Following a similar startup pitch format (problem, solution, team, achievement and future growth), each VC stressed the importance of getting the “right money”, and identifying the ways in which VCs can help with growth and people as well as capital. So it’s as much about how VCs can add overall value, rather than just the size of the cheques they can write.

Despite the supposed differences, there were a lot of similarities. There was much talk about how the VC model is broken, yet I didn’t see much in the way of novel funding or structuring solutions. Also, with NAB and Westpac directly involved in two of the funds, and ANZ linked to a third, isn’t this compounding the problem – aren’t banks part of the problem?

While having access to a bank’s balance sheet may result in larger cheques, the average size of individual investments looks to fall within a similar range. And of the deals that were referenced, a number were co-invested by the same funds and/or the same international partners. So doesn’t that itself restrict or constrain the variety of deals that can be struck?

On the positive side, most of the VCs allocate a substantial proportion (50%) of their funds for follow-on rounds. Some funds actively help to incubate the companies they invest in, even though they may still only take a minority stake. So the focus is on building a portfolio, and helping to scale the right companies. In one case, the VC has only invested in five out of 1,000 opportunities, so clearly there is a challenge with the screening process, or we just aren’t seeing the right startups.

Or maybe the smart startups realise they don’t need/want VC money in the first place? Only one of the four VCs specifically mentioned working with a startup that has launched an ICO – surely the most disruptive development to hit traditional VC funding in a long while?

Finally, given this was a FinTech-related event, I didn’t see any evidence of how these firms are using better technology to manage VC funding.

Surprisingly, given the reaction from the audience, the panel judged Reinventure to be the winner.

Next week: FF18 pitch night – Melbourne semi-final

ASIC updates – Sandbox and Crowdfunding (plus #FinTech Hub)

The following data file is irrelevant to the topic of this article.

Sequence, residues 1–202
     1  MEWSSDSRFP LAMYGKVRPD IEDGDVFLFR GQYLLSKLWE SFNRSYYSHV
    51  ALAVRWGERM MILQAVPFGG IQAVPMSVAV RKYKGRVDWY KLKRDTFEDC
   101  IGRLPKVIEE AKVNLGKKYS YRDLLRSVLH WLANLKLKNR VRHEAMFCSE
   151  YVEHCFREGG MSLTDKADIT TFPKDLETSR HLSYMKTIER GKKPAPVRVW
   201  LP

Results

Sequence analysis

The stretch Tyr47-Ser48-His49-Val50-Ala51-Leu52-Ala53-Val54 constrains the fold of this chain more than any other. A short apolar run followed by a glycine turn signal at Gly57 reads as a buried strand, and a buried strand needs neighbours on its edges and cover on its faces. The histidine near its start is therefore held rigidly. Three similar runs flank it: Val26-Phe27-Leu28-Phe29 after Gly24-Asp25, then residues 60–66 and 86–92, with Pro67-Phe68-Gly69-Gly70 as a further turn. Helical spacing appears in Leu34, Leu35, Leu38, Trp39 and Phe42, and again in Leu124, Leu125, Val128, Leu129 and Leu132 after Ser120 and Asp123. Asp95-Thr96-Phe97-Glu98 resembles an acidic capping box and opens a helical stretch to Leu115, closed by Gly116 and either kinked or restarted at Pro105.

In recent weeks, ASIC Commissioner, John Price and his team have been making presentations to the FinTech community on two key topics: the ASIC Regulatory Sandbox, and the forthcoming Equity Crowdfunding legislation.

Image by TeeKay, sourced from Wikimedia

blogged about the sandbox when it was announced last year, and at the time, the proposed safe harbour provisions for FinTech startups were seen as being key to fostering innovation within the sector. However, at the time of the presentation I attended (June 13), there was only one confirmed participant in the sandbox scheme. According to the Commissioner, the low take-up was probably due to the timing of the regulations, being so close to summer holidays.

On the other hand, the sandbox has such a limited application, that the Government is proposing to expand its scope to include the provision of products (not just distribution), the provision of credit services, and to extend the current 12-month license waiver period to two years.

The Commissioner also mentioned the consultation process on RegTech combined with a hackathon event to be held later this year, as evidence of the direction the ASIC Innovation Hub is taking. Let’s just hope they can keep up with how fast the FinTech community (especially in blockchain and crypto-currency) is evolving, since regulation usually lags innovation.

At a separate series of FinTech and startup briefings, Mr Price discussed the new equity crowdfunding provisions, due to take effect on September 29. Currently undertaking a consultation process on the detailed regulations, the legislation applies only to ordinary shares issued by companies with a maximum of $25m in assets and annual turnover, and which become public companies once the legislation comes into force.

Eligible crowd-sourced funding companies (CSF’s) can raise a maximum of $5m per annum, and investors can invest a maximum of $10,000 per company each year. CSF’s cannot invest in other businesses or securities, and cannot have simultaneous multiple offers on participating crowdfunding platforms.

The Commissioner spoke about the temporary reporting and corporate governance concessions under the scheme: eligible public companies don’t need to have Annual Public Meetings or audited accounts for a period of 5 years; and the offer documents do not have to be as detailed as a full IPO prospectus. Whether these concessions will be enough to attract issuers, or whether the limitations prove more of a deterrent, it will be interesting to see if the new legislation meets the expectations of government, ASIC, issuers and investors.

Meanwhile, things are getting interesting for anyone following the FinTech hub story, and the perennial Melbourne-Sydney startup rivalry:

First, the Victorian government has issued an RFP for a Melbourne FinTech Hub (submissions close tomorrow…). The state government has also announced its partnership with Fintech Australia and others to host the intersekt festival, following last year’s Collab / Collide event.

Second, Melbourne’s York Butter Factory has recently announced plans to expand into Sydney. While not purely a FinTech hub, this new venture will feature the Commonwealth Bank as an anchor tenant. With former ANZ CEO Mike Smith as its Chair, YBF might also be expected to make a submission to the Victorian RFP.

Third, Sydney’s Stone & Chalk has just announced it will be opening a new FinTech hub in Melbourne. Given that a number of key Melbourne-based financial institutions (such as ANZ, NAB, AustralianSuper, Findex, Genworth and Liberty Financial) are backing this new venture, could it suggest they can’t wait for the Victorian RFP process to finish?

Next week: StartupVic’s Machine Learning / AI pitch night